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The Role of U.S. Attorneys
By Amy E. Wong

Two Harvard Law professors are putting in their two cents with regard to the recent dismissal of eight U.S. Attorneys. Professors Charles Fried and Philip Heymann have given their expert opinions on the ethicality of these controversial dismissals.

Professor Charles Fried, former solicitor general in the Reagan administration and former justice on the Massachusetts Supreme Judicial Court, argued that U.S. Attorneys are presidential appointees. Thus, they serve at the pleasure of the president. They carry out the bidding of the president. If not, they are liable to be cut off.

Fried said that U.S. Attorneys are "presidential appointees named by the president and confirmed by the Senate." Because the president appoints them to carry out his duties, "it is not up to the appointee to decide which she will or will not carry out," even if these policies are "mistaken or wrong-headed or even cruel."

If a U.S. Attorney's interests are not aligned with the president's interests, then the appointee "should state his disagreement to his superiors [], and if the administration insists on policies that the appointee cannot in conscience carry out, he should resign," argued Fried.

Still, Fried asserted, the administration should not harass its political enemies. If it does, then it is politically accountable for their decisions. It should not tarnish an appointee's experience by claiming that he is incompetent, especially if he has received positive performance reviews in the past. If clashing political interests prove to be a major roadblock, then the president can rightfully dismiss appointees on those grounds. His administration should not, however, defame an appointee's character.

Fried elaborated, "By impugning their performance, the administration forced the departing U.S. Attorneys to defend themselves and, thus, to say things that would put the administration in the worst possible light."

Professor Philip Heymann, former deputy attorney general in the Clinton administration, sided with Fried in his contention that the dismissals were not handled properly.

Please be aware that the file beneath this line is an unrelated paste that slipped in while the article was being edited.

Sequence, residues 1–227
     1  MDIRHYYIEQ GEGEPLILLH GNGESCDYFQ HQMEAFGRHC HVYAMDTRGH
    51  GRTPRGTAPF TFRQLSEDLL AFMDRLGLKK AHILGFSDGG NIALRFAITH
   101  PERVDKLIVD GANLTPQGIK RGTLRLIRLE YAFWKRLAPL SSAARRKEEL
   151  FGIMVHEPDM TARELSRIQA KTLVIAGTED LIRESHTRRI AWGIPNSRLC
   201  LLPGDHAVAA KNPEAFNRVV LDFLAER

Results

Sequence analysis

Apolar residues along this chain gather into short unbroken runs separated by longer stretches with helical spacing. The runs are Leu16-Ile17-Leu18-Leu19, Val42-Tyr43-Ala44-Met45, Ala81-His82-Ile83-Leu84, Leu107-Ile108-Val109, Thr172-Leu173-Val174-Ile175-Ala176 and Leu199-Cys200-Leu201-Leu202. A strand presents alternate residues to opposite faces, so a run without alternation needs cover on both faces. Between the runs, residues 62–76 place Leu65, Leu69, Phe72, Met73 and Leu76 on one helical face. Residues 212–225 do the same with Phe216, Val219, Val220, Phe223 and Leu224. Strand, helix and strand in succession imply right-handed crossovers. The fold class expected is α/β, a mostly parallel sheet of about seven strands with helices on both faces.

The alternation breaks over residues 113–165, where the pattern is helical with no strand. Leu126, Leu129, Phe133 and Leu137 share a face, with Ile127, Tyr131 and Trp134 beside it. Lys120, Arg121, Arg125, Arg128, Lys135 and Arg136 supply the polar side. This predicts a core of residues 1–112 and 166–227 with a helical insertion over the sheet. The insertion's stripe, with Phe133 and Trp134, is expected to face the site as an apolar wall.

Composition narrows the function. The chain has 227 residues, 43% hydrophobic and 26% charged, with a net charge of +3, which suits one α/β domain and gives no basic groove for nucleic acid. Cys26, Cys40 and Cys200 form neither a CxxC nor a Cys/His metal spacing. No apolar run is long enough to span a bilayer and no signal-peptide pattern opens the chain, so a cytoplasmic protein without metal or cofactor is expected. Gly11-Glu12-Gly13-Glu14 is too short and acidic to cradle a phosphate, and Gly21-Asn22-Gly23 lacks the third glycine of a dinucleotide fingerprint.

Before their dismissals, he said, the U.S. Attorneys should have received a clear message about their priorities. Attorney General Gonzales did not explicitly say, during the year 2006, that voter fraud was a priority category. Thus, the U.S. Attorneys did not necessarily need to consider voter fraud a serious priority.

Furthermore, U.S. Attorneys are not expected to prosecute unless investigative agencies bring them triable cases. The attorney general is supposed to investigate available evidence to determine whether it is adequate for conviction. Professor Heymann noted that there is no sign that Gonzales reviewed the case. Technically, the U.S. Attorneys did not have to probe into voter fraud because it was (1) not a priority category, (2) not a triable case, and (3) not reviewed by the attorney general. These U.S. Attorneys were doing their job.

Additionally, the dismissed attorneys were not given prompt or fair warning about their performance. Prior to their dismissals, many of the U.S. Attorneys were commended for their excellent work both by their superiors and by investigative agencies. Officials attributed the attorneys' dismissals to poor work performance, a contradictory and ungrounded statement that raised many red flags. These facts simply do not add up.

Heymann argued "that politics be excluded from prosecution decisions and that no U.S. Attorney be held responsible or be encouraged to bring or refrain from bringing cases that would fail to meet normal standards."

Fried's contention was correct; U.S. Attorneys are political appointees. This has been established. It has also been established that the U.S. Attorneys did not go against directives. They were using clear judgment, working within expected parameters, and excelling in their jobs. Still, they got fired.

The gray area that is worth discussing is this: On what grounds can U.S. Attorneys be fired?

Can they be dismissed for hindering the president's objectives? They are, after all, parts of the executive branch, extensions of the president. In a way, they are like pawns acting upon their king's directives, even if the president's policies are "mistaken or wrong-headed or even cruel," as Fried said. If they are not team players, they can be ousted. Right?

Or do U.S. Attorneys "have an overriding responsibility to justice in individual cases and to pursue justice without fear of retribution from political operatives of any administration"?

What do you think?


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